Payment method costs refer to the costs incurred when using any given payment method. Payment platforms could choose to absorb these fees and factor them into their platform fees or have some of these costs be pushed onto the consumer or client.
- Bank Surcharges
Bank surcharges affect payment methods that are directly linked to the banks themselves such as local bank transfers and bank redirects. For the most part, local bank transfers usually only have a surcharge if the transaction is between two different accounts from different banks as opposed to transactions between two accounts within the same bank. Bank redirects on the other hand normally have either a low processing fee or no additional charges, and operate on the same principles as local bank transfers though this may be subject to a given country’s policies regarding eCommerce.
For example, Singapore’s PayNow was fully subsidised from its launch in July 2017 until January 2021, allowing its QR payments to be free of charge throughout the entire subsidy duration before having to impose a SGD0.22 flat fee from 2022 onwards¹.
- Card Surcharges
Card surcharges, as the name suggests, affect card payments. This encompasses both debit and credit cards. This surcharge is normally imposed by the merchant choosing to adopt a given card network such as Mastercard or Visa to process transaction communications. For instance, from January 2013 onwards, US merchants may implement a surcharge on payments made with Mastercard up to a maximum of 4%².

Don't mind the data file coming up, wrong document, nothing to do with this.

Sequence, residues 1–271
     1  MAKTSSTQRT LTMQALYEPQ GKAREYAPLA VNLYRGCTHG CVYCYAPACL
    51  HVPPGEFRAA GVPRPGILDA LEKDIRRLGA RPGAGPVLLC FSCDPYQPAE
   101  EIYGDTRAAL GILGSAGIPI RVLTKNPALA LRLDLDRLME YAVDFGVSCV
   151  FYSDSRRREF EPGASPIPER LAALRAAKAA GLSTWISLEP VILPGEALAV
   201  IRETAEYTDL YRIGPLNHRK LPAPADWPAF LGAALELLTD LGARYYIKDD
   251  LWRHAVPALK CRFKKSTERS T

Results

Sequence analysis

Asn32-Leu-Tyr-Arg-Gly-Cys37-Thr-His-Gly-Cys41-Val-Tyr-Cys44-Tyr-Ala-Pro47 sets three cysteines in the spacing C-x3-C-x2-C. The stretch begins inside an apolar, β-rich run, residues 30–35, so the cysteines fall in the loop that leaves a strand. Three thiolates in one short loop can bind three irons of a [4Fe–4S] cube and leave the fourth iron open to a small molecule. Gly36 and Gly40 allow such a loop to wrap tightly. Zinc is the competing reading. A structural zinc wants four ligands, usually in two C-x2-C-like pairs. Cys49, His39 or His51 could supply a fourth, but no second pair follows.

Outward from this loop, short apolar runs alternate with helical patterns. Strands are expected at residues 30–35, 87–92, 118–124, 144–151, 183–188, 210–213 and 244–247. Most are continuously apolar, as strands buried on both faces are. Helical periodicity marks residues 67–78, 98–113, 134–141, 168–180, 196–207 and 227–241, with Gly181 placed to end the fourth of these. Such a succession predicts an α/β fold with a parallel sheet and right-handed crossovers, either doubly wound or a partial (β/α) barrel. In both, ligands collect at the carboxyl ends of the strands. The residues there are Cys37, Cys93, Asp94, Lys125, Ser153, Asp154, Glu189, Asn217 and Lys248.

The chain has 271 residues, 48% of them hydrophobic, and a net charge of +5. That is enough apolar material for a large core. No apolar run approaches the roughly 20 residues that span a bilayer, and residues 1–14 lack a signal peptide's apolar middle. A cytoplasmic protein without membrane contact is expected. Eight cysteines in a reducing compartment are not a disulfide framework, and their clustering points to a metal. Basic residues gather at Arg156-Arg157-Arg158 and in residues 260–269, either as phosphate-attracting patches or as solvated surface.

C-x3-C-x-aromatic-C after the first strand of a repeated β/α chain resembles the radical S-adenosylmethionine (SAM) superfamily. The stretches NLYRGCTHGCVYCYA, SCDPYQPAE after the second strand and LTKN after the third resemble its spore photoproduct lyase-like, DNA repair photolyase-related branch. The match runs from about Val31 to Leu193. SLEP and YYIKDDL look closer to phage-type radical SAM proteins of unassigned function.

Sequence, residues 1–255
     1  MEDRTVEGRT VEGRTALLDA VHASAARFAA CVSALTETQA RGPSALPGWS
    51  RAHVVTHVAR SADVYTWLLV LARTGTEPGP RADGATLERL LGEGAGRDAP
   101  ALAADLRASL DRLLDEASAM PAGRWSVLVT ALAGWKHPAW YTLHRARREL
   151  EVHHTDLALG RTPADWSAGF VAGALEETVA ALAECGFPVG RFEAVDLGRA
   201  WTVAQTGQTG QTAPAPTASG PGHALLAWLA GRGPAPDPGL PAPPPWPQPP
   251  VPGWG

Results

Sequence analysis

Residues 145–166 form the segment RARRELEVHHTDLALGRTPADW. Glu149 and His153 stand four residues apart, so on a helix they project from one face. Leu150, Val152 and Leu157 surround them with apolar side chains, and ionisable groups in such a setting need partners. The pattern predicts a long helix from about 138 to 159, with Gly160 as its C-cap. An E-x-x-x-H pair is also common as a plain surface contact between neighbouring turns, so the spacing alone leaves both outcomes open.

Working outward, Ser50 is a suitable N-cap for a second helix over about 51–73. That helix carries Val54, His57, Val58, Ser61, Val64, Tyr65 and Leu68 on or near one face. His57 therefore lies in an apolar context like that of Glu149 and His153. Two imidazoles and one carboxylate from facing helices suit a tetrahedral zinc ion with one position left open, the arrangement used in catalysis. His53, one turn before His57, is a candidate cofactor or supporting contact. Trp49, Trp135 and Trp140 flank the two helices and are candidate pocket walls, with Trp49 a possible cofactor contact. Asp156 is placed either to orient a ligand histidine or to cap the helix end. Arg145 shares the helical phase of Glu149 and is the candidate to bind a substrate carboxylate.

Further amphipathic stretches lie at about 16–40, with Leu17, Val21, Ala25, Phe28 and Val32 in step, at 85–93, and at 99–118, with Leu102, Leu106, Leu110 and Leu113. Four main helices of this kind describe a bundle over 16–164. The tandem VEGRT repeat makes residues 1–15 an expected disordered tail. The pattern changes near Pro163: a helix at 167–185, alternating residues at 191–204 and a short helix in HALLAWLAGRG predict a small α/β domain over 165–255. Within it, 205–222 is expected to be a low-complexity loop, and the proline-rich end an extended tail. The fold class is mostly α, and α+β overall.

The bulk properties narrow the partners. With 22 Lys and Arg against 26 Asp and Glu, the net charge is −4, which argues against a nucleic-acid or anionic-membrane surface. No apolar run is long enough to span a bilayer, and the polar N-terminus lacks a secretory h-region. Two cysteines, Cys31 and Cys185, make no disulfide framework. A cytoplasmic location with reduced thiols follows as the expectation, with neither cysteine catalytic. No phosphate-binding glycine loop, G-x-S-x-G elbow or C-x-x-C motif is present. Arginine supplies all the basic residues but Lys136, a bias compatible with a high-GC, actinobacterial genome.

- Wire Transfer Costs
Wire transfer costs are the costs incurred when making a transaction via wire transfer. Wire transfers between domestic banks usually cost far less than those made internationally, and are naturally faster to process³. How much these costs vary from bank to bank.
If a transaction is being made between two geographical locations and made in different currencies, currency exchange costs (FX costs), are bound to be incurred. Payment gateways and platforms can charge an FX fee by implementing it as a percentage fee on top of the market’s FX rate or providing their own buy/sell rate